Florida Health Care License

Military background taught clerk attention to detail

Michael Hodges’ early career years in the Florida Department of Corrections and the U.S. Air Force taught him the importance of tight focus and discipline. Those qualities have served him well in his relatively short tenure as a Law Clerk at Jeffrey  S. Howell, P.A., Attorneys at Law.

However, Hodges says he’s learned how to do his work at the Howell Firm without the point-by-point supervision required in state and military work. The less-strictured atmosphere has allowed him take a relaxed approach as he learns which area of civilian law work best for him. He says, however, the firm is by no means casual: “There’s really a lot to do, and we (the clerks) do a lot of the substantial work on cases.”

“It’s kind of trial by fire here,” Hodges says. “You’ve got to just be thrown into it. You’ve got to work it and you’ve got to push it forward."

“You don’t get spoon-fed too much.”

Hodges grew up in Live Oak and after high school he worked as a corrections officer at Hamilton Correctional Institution in Jasper. After two-and-a-half years at the prison, he looked around and saw the Air Force as a better bet. It has paid off well for him.

He enlisted as an Open Administration classification and “they put me in a Paralegal spot, and I just loved it.” Even after more than five years at it in the Air Force, “I just did it day in and day out and loved it.”

Hodges started at the Howell Firm on Feb. 20, and he’s been handling civil cases. He’s been assigned no health care cases yet, but says Howell has plans for that. He worked 10-15 hours a week at the Firm when he started law school, but as he gets into the rhythm of school he aims to put in at least 20 on the job.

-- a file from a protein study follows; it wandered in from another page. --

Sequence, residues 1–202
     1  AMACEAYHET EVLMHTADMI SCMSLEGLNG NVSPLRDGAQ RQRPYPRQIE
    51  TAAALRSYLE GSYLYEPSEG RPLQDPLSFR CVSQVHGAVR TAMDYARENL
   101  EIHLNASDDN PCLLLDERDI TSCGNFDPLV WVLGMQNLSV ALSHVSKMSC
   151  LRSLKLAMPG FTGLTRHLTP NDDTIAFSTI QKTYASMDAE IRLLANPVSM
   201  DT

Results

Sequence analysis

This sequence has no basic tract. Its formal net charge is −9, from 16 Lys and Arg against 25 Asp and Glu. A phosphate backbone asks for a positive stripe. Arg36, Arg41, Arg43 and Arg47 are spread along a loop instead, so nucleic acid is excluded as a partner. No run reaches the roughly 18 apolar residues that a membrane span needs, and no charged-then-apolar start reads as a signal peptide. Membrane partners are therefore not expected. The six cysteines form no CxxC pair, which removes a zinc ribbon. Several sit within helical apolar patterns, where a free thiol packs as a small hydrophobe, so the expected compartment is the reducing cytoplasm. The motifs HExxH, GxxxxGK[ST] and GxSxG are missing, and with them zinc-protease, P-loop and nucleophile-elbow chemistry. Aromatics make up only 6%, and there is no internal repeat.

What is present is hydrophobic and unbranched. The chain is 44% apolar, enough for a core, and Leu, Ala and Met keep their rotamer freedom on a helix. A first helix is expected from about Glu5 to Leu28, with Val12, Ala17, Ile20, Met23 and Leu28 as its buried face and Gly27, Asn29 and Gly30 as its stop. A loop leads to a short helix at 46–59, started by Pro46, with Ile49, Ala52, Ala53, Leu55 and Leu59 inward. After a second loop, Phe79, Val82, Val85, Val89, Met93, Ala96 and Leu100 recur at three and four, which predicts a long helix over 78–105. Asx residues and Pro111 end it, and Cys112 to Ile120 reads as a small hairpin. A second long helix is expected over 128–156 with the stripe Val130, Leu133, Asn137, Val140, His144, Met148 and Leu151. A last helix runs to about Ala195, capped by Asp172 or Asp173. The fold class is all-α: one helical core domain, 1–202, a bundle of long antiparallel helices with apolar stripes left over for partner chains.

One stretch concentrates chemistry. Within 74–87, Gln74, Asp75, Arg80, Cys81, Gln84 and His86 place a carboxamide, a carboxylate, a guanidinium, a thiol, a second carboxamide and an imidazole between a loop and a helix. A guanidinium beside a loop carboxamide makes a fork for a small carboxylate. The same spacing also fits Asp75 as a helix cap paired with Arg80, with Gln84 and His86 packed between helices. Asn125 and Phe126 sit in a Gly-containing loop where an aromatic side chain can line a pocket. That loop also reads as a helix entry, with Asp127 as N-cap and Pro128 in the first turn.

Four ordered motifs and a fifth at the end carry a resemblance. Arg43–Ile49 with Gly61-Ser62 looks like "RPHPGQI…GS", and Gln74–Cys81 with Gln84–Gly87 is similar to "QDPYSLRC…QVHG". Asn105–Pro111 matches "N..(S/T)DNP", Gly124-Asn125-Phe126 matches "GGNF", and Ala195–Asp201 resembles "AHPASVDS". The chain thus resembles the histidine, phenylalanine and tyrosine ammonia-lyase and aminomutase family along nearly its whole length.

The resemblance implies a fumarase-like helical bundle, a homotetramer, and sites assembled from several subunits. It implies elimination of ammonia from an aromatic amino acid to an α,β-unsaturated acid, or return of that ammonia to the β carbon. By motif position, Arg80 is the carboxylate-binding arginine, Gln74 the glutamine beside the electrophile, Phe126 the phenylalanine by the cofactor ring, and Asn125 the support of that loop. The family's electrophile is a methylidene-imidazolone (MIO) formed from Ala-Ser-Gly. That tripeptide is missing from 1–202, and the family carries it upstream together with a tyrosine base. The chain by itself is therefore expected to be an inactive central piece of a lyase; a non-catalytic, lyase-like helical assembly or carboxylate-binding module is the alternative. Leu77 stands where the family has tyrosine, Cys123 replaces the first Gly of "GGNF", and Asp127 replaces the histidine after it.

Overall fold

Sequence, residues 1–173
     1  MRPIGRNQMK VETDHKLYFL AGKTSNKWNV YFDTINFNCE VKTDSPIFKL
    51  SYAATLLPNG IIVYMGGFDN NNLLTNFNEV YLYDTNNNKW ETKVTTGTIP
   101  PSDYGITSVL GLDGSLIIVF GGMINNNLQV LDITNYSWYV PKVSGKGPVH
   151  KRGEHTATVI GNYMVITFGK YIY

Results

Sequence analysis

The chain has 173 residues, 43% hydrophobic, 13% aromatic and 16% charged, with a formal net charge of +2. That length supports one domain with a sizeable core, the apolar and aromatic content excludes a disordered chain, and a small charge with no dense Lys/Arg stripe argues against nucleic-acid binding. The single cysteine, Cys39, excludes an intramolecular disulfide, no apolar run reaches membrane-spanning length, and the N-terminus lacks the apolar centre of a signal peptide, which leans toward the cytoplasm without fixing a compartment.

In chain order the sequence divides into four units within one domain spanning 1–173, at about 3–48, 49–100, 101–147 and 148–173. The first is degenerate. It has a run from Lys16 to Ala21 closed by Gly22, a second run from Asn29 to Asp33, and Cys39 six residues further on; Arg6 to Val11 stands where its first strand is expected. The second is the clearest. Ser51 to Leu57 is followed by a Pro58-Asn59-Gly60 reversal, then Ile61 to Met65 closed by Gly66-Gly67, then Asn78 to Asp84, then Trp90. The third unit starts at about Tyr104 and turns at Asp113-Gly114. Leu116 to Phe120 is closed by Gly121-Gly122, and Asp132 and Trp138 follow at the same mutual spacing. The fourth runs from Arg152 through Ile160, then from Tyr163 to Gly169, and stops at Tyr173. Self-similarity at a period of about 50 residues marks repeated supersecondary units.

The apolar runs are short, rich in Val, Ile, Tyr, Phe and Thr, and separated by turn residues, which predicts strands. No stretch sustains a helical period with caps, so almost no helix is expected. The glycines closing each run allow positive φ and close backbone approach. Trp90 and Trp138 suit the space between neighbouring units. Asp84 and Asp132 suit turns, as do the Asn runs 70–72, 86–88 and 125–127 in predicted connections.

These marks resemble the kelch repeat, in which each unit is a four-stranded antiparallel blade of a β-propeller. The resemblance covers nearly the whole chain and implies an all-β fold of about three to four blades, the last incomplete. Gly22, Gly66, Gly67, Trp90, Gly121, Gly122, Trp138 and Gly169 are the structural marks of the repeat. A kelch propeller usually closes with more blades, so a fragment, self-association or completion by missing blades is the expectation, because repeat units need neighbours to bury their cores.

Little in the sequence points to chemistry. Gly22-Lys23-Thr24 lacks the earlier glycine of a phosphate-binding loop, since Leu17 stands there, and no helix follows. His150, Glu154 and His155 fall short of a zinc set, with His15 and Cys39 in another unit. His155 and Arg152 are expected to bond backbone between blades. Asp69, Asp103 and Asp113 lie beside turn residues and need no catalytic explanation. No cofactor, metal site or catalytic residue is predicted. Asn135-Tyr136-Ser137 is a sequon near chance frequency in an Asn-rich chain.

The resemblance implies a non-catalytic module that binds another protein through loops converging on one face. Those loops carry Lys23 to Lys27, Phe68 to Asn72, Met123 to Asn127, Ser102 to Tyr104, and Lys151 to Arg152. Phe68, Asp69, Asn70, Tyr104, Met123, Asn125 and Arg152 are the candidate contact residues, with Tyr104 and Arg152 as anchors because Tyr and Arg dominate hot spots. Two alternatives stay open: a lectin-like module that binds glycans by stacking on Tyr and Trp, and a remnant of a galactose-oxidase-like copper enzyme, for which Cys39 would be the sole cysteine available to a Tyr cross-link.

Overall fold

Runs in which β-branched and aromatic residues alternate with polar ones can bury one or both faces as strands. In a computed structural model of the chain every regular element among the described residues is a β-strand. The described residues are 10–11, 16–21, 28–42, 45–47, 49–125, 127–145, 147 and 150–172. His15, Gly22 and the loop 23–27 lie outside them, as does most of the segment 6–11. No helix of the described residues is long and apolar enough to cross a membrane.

He’s learning the basics of how put together a case and also: 

  • to review new documents that come in to see whether they’re up to discovery standards;
  • send those documents approved by Firm lawyers to opposing counsel;
  • prepare for depositions;
  • assemble the documents and evidence; and
  • attend the depositions.

He also writes draft motions for pleadings, and once Howell and other lawyers examine and correct his work, he files them with the proper court.

His role, Hodges says, is with “everything that comes up with a case. (I) just try to be the motor that keeps the case pushing toward resolution.” In addition, when questions pop up during a case, he’ll do the legal research, write a memo about what the law says of the issue, and give it Howell.

In addition to the employment law he’s now doing, he’s also interested in criminal law. During his military service, he worked the prosecutor side as well as defense. Altogether he spent four or five years doing criminal work. “I’m not opposed to (more of) that,” he said.

Hodges has been married to his wife Jill for seven years. He plays guitar during church services on Thomasville Road. She has a Master’s in Social Work and works at The Apalachee Center. They have two bulldogs, and English and an American, Bruce and Bucky, and live in Tallahassee.

linkedin facebook pinterest youtube rss twitter instagram facebook-blank rss-blank linkedin-blank pinterest youtube twitter instagram